Claire Denis’ latest film explores one of her important themes: how desire in man-woman relationships is more complicated than we often assume.
French filmmaker Claire Denis, whom I consider one of our greatest living directors, likes to play around with genre from time to time. Her latest picture is called Both Sides of the Blade, and if you read the ad copy it’s being called a love triangle. Well, it’s like no triangle I’ve ever seen. In fact, her editing strategies and her masterful use of music make the film seem as if it’s going to turn into a scary suspense thriller at any moment.
The story starts with Sara and Jean, a middle aged couple blissfully in love, played by Juliette Binoche and Vincent Lindon. Denis carefully establishes their intimacy in the beginning sequence where they’re on vacation together. How satisfying it is to watch a director allowing her actors time to establish convincing, lived-in characters. This is the third time in a row that Binoche has starred in a Denis movie, and also Lindon’s third time working with her. Denis’ familiarity with her performers pays off with especially fine and nuanced work from these two.
Returning to Paris, trouble begins right away when Sara on her way to work happens to see a man (played by Grégoire Colin) on a motorcycle. Later we see her overwhelmed with emotion, out of breath, saying the man’s name, François, repeatedly in a tone that sounds more shocked than pleased. She tells Jean later that she saw François, and his reaction is muted. Gradually we learn that François is Sara’s ex, and also Jean’s former friend, whom neither of them has seen for ten years. A further element of mystery is introduced: Jean has finished serving ten years in prison, and is consequently having trouble finding work.
For Denis, a story never happens separately from society or politics or ideas. In this story, Sara is the host of a radio show in which she interviews various figures in progressive and anti-colonial circles. There’s no need for viewers to make too much of this—it’s another way of establishing characters in a full-bodied fictional world. But it’s also a reminder that there are many other things, and much worse problems, than the travails of personal relationships.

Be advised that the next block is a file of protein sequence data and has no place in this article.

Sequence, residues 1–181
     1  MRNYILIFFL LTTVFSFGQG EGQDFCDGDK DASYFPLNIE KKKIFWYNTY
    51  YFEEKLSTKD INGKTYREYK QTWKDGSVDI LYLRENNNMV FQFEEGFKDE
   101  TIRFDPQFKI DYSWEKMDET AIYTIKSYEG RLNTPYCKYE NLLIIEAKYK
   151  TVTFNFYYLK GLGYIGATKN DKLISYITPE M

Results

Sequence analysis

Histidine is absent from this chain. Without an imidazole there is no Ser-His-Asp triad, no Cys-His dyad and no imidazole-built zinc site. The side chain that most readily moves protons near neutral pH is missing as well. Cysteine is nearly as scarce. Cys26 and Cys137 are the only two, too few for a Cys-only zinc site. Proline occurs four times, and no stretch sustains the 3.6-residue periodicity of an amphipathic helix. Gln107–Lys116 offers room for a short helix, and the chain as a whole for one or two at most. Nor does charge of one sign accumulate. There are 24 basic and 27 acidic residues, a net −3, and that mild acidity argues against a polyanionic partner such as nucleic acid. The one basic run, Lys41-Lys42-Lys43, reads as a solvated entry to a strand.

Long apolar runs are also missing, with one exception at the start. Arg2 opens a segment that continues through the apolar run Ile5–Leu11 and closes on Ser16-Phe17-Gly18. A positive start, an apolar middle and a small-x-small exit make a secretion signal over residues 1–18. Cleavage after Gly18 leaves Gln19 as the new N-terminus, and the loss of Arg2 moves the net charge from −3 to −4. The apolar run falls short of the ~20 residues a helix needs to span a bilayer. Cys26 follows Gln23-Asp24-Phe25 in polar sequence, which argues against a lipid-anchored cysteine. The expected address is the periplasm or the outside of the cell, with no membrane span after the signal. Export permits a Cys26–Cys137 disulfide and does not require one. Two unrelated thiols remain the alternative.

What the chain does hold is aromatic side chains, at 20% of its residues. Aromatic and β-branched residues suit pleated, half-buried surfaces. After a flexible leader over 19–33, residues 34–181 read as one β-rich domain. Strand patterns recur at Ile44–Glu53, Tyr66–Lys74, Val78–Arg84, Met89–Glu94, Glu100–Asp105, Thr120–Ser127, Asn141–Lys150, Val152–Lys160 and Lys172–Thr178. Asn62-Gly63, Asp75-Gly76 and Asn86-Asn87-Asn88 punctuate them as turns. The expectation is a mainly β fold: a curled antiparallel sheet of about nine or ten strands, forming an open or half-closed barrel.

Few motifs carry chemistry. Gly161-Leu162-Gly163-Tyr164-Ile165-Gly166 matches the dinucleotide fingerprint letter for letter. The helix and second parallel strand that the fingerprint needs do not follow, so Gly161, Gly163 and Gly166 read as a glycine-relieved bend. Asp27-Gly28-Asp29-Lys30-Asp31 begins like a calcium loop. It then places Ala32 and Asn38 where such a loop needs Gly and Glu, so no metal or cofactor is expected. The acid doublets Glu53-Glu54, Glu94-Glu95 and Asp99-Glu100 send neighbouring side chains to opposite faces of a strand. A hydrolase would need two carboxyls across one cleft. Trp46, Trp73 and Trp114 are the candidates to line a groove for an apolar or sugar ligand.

So, François offers Jean a job. He hesitates, but Sara says it’s fine. The private reactions, however, that we’ve seen her express when seeing François, contradict what she’s telling Jean. And thus we embark on what I never thought of as a triangle while watching, because of the peculiar nature of this story. François seems almost like a demonic figure, since we never get inside him like we’re allowed to get inside the two leads. Was he responsible in some way for Jean going to prison? What we do see quite vividly is that a duality is at play in Sara’s heart, a duality of which she herself is only vaguely aware.
The emotional agonies that Sara and Jean put themselves through as the film goes on are the fulfillment of all Denis’ suspense film clues. It’s especially brilliant in the case of Juliette Binoche, who takes us on a dark journey into some strange complications of desire. The film doesn’t answer all our plot questions. It does show how much deeper and more mysterious the relationships between women and men are than we usually care to acknowledge. Both Sides of the Blade presents, in its stylish way, that mystery.